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Book Discussion | What the Eyes Don't See

Tue, 09/17/2019 - 9:36pm

Stephen Henderson of WDET's Detroit Today leads a discussion of Dr. Mona Hanna-Attisha’s What The Eyes Don’t See: The Story of Crisis, Resistance, and Hope in an American City.

The book dives into Dr. Hanna-Attisha's story in contributing to the discovery of elevated lead levels in Flint’s public water infrastructure.  Henderson is in conversation with Michigan Radio Investigative Reporter Lindsey Smith ​and State Senator Jeff Irwin.

This event is part of a community-wide discussion on the story of Flint and how it’s affected the country’s views on infrastructure, justice and the relationship between state and local government.

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Nerd Nite #65 - A Tale of Two Lakes: Eutrophy in Western Lake Erie and Oligotrophy in Lake Michigan

Wed, 08/21/2019 - 4:24pm

In Western Lake Erie, massive mats of blue-green algae blossom every summer, stirring up memories of the 2014 Toledo Water Crisis with every reappearance. Meanwhile, in Lake Michigan, there are nearly as many invasive mussels in the lake as there are gallons of water. Each mussel is the size of a thumbnail and, under the right conditions, their combined force can filter the entire volume of water in Lake Michigan in less than a week. The resulting crystal clear waters are great for beachgoers but extremely problematic for the lake ecosystem. In this talk, Christine discusses some of the causes of eutrophy (too much vegetation) in Western Lake Erie and oligotrophy (too little vegetation) in Lake Michigan and how lake-wide management strategies for one problem can exacerbate another.

About Christine:

Christine Kitchens is a research technician at the Cooperative Institute for Great Lakes Research at the University of Michigan. She graduated with a B.S. in Environmental Science from North Carolina State University and an M.S. in Conservation Ecology from the University of Michigan. While she performs a variety of tasks at the cooperative institute, she primarily spends her days helping monitor and understand harmful algal blooms in Western Lake Erie and Saginaw Bay, Lake Huron. When she does manage to find some free time, she spends it running around doing more volunteering with the Huron River Watershed Council and other various local environmental organizations, playing video/board games, and basically being a massive nerd in all facets of life.

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Farms and Open Space: Preserving Rural Washtenaw County

Fri, 05/31/2019 - 10:36am

A panel of experts from Washtenaw County government agencies and nonprofits discuss what we can do to preserve farmland, forests, open space, and natural areas in Washtenaw County. They will highlight what efforts are already under way, and how we can expand efforts to help local farmers and conservationists.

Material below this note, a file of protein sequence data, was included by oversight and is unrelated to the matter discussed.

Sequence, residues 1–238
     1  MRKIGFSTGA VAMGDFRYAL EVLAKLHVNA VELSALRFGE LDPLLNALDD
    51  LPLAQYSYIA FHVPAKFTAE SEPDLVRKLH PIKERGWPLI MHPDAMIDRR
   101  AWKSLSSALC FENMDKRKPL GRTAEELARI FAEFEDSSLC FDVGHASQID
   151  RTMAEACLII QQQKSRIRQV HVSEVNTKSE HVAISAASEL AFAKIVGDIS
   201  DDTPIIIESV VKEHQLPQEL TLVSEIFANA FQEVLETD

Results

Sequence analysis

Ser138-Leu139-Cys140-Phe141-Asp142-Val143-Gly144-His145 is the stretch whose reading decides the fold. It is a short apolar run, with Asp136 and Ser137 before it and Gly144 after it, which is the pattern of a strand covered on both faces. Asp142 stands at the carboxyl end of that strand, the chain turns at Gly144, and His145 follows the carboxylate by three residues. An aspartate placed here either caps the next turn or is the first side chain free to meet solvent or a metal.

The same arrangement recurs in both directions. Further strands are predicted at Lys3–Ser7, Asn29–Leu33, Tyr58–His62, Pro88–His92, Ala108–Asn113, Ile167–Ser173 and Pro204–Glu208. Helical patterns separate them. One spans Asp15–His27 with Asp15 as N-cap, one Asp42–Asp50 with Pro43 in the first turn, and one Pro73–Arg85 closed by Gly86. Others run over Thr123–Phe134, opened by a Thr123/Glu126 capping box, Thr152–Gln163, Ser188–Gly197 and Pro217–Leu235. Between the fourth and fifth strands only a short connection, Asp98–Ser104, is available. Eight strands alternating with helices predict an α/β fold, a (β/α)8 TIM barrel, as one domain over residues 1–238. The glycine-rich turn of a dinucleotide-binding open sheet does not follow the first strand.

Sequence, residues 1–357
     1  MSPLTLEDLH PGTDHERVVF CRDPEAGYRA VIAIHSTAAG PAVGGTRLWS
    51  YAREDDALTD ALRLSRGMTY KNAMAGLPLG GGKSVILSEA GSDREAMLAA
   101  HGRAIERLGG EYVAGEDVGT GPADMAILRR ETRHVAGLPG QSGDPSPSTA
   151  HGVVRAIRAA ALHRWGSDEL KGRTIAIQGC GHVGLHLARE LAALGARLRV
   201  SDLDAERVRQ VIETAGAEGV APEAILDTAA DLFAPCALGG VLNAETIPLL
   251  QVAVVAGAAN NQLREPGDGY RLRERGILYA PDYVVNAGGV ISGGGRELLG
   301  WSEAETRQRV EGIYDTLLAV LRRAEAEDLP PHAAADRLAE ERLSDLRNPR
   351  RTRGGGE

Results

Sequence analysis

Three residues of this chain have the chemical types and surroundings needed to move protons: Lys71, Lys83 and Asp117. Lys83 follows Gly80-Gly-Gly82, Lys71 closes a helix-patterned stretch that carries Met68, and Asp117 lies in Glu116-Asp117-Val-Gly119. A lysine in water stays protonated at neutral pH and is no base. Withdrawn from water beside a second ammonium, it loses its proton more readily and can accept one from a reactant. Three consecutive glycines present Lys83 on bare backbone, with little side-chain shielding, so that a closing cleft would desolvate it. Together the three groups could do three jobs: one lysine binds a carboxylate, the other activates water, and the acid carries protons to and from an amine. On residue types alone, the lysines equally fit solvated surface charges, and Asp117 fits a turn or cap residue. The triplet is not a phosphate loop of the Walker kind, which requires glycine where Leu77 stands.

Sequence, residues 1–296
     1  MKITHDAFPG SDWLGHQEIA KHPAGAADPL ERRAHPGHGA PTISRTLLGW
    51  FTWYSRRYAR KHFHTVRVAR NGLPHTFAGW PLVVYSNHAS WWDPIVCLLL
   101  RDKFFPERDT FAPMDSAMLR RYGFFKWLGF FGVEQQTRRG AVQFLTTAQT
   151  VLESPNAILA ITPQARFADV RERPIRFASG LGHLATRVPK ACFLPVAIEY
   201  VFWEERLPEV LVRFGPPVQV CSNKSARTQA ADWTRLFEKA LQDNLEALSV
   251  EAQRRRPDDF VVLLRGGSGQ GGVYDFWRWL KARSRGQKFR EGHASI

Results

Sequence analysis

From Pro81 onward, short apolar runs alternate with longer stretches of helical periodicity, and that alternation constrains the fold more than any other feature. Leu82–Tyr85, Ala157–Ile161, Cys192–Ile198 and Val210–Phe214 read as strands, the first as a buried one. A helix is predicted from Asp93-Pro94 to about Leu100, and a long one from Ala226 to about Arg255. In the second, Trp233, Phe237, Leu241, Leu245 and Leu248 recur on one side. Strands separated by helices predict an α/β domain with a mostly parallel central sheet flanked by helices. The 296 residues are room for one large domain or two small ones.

This panel includes members from the Mindful Eating Team of the Ann Arbor Unitarian Universalist Congregation, the Park Planning and Natural Areas Planning Department of Washtenaw County, members of the Legacy Land Conservancy, local farmers, and Argus Farm Stop.

This event is in partnership with the Unitarian Universalist Church of Ann Arbor.

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Sustainable Ann Arbor Forum | Adapting to a Changing Climate

Mon, 03/25/2019 - 10:32am

The City of Ann Arbor is already experiencing impacts from climate change. More severe storms, increased precipitation, rising temperatures and extended heat waves all pose challenges to how we live, work, and play in our community. Join a conversation on how the Ann Arbor community is taking steps to address climate impacts and what more we could be doing at the city, neighborhood and individual level. Climate adaptation experts will share the soup to nuts on climate change for Ann Arbor and what we can do to thrive in a changing future. 

Beth Gibbons - Beth Gibbons is the Executive Director of the American Society of Adaptation Professionals (ASAP). In this role, she is responsible for strengthening ASAP as an emerging nonprofit organization, managing relationships with its members, board and donors, and bringing adaptation best practices into the broader conversation. Previously, Beth was Director of the University of Michigan Climate Center and managed NOAA’s Great Lakes Regional Integrated Sciences and Assessments Center. She also worked for the Graham Environmental Sustainability Institute as a research specialist, helping develop and implement the Great Lakes Adaptation Assessment for Cities. Previously, Beth worked for the International Forestry and Research Institute and the General Federation of Women’s Clubs supporting organization operations and communications. She served in the Peace Corps in Agodopke, Togo. Beth earned her undergraduate degree in Comparative Politics from the Catholic University of America and holds a Master of Urban Planning and a Masters Certificate in African Studies from the University of Michigan. Beth is based in Ypsilanti, Michigan.